Natalia Brassova

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Natalia Brasova, Countess Brasova (Russian: Княгиня Наталья Брасова; born Natalia Sergeyevna Sheremetyevskaya Russian: Наталья Сергеевна Шереметевская; 27 June 1880 – 26 January 1952) was a Russian noblewoman who married, as her third husband, Grand Duke Michael Alexandrovich of Russia.


Early life

Natalia, or Natasha to her friends,[3] was the youngest of three daughters of a Moscow lawyer, Sergei Alexandrovich Sheremetevsky. She was born at a rented summer dacha at Perovo, on the outskirts of Moscow. Sheremetevsky employed 11 other lawyers, and was a member of the minor nobility, but had no title and was essentially a professional middle-class man.[4] He was a sometime deputy in the Moscow City Duma, and a trustee of the Arbat City School. In the first year of her life, Natalia and her family lived in a rented apartment near the Moscow Kremlin on Ilinka. Their landlord, wealthy industrialist Aleksey Khludov, was also Natalia's godfather. From 1881 to 1893, the family lived at 7 Serebriany Lane, a single-storied wooden house owned by Sheremetevsky. From 1893, the family lived in a succession of rented apartments until Natalia left home on her marriage. She was educated at a private school, and by a French governess employed by her father.[5]

First marriage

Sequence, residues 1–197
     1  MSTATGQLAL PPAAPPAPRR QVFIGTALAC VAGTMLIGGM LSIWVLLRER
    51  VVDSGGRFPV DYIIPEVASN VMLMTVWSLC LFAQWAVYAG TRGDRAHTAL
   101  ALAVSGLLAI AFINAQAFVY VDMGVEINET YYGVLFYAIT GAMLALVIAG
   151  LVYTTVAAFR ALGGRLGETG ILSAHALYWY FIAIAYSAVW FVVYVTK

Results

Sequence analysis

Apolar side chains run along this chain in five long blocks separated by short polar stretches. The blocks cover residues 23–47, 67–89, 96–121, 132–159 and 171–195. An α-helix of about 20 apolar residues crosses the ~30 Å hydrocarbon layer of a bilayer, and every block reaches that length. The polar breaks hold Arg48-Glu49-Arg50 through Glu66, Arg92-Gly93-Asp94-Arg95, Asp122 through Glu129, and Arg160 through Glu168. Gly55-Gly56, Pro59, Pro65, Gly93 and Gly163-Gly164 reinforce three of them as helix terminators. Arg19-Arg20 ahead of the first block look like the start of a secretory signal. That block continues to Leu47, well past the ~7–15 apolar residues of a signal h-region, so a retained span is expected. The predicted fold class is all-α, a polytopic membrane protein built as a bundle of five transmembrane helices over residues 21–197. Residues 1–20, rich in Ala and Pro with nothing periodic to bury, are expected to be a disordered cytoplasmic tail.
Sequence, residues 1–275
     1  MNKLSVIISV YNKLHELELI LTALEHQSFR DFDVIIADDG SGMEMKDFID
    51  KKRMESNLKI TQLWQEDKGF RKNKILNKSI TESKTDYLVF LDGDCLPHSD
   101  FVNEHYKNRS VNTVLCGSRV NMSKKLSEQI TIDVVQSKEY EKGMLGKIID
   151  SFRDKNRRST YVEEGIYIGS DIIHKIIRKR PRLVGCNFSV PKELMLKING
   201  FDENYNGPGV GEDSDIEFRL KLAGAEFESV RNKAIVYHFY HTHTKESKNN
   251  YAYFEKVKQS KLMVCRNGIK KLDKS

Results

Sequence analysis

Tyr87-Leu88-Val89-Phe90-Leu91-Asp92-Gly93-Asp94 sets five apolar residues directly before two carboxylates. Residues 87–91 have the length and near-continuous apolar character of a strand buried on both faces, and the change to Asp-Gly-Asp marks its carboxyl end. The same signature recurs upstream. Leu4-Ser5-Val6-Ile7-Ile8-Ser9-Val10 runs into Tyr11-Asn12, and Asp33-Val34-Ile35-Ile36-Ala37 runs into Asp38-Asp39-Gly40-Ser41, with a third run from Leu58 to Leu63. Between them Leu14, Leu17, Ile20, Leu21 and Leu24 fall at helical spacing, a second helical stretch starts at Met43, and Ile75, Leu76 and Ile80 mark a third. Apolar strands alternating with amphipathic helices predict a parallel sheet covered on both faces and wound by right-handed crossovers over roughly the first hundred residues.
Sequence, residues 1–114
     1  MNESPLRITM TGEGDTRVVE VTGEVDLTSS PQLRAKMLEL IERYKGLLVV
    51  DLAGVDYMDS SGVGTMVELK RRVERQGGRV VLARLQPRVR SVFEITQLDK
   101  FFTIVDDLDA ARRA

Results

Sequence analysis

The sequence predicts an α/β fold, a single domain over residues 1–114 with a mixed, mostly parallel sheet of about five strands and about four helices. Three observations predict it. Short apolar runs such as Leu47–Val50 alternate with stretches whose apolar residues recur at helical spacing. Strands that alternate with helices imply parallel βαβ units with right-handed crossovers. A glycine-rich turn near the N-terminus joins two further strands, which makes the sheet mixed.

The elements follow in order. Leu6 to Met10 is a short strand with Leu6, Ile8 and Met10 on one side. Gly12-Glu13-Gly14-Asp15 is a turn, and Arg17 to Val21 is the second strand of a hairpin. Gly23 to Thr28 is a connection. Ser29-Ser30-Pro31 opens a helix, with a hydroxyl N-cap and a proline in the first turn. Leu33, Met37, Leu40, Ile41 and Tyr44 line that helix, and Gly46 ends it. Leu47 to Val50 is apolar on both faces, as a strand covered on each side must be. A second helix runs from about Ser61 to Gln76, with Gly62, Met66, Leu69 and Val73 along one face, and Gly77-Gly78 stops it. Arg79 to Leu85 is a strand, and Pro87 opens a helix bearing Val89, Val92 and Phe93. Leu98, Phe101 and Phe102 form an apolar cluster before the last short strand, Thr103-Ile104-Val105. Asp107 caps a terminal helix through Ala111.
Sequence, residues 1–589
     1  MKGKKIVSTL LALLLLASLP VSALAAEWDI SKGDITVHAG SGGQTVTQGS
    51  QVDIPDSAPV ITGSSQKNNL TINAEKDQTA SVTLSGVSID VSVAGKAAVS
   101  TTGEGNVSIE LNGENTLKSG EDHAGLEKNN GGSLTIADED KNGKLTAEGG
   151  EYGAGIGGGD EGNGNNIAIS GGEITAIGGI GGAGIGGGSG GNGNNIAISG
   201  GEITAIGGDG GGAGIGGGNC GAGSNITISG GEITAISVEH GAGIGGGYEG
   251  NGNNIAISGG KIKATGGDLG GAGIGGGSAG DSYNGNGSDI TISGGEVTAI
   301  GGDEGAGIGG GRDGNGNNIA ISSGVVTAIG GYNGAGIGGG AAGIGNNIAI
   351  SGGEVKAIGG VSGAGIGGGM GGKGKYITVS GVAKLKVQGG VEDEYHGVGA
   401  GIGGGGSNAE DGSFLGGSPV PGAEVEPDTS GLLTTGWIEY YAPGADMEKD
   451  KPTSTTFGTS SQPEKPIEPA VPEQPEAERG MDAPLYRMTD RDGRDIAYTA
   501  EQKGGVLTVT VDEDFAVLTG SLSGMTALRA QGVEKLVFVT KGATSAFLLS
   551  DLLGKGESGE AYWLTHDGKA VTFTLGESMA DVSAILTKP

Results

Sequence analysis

In 1902, she married Sergei Mamontov (1 October 1877, Moscow – 30 December 1939, Tallinn),[6] a nephew of Savva Mamontov. Sergei was a rehearsal accompanist for Savva Mamontov's Opera Company, which was renamed Association of Russian Opera after Savva's bankruptcy in 1899, and later at the Bolshoi Theatre. Through her first husband's connections, Natalia became friendly with noted musicians such as Sergei Rachmaninoff and Feodor Chaliapin.[7] The couple moved into 13 Mansurovsky Lane, a new apartment buuilding near the fashionable Prechistenka street, and had a daughter, Natalia or "Tata" to the family, on 2 June 1903. Sergei had a stammer and was of a retiring disposition, but Natalia was keen to socialise. Finding him socially dull, she began to go out unaccompanied by her husband.[8] Russian divorce law followed the teachings of the Orthodox Church, and in practice divorce was only possible in cases of adultery where the husband was the guilty party.[9] In 1905, Sergei agreed to a divorce and to act in the proceedings as if he was the unfaithful partner. Now free from her first husband, Natalia married her lover, cavalry officer Vladimir Vladimirovich Wulfert (Russian: Вульферт).[10]

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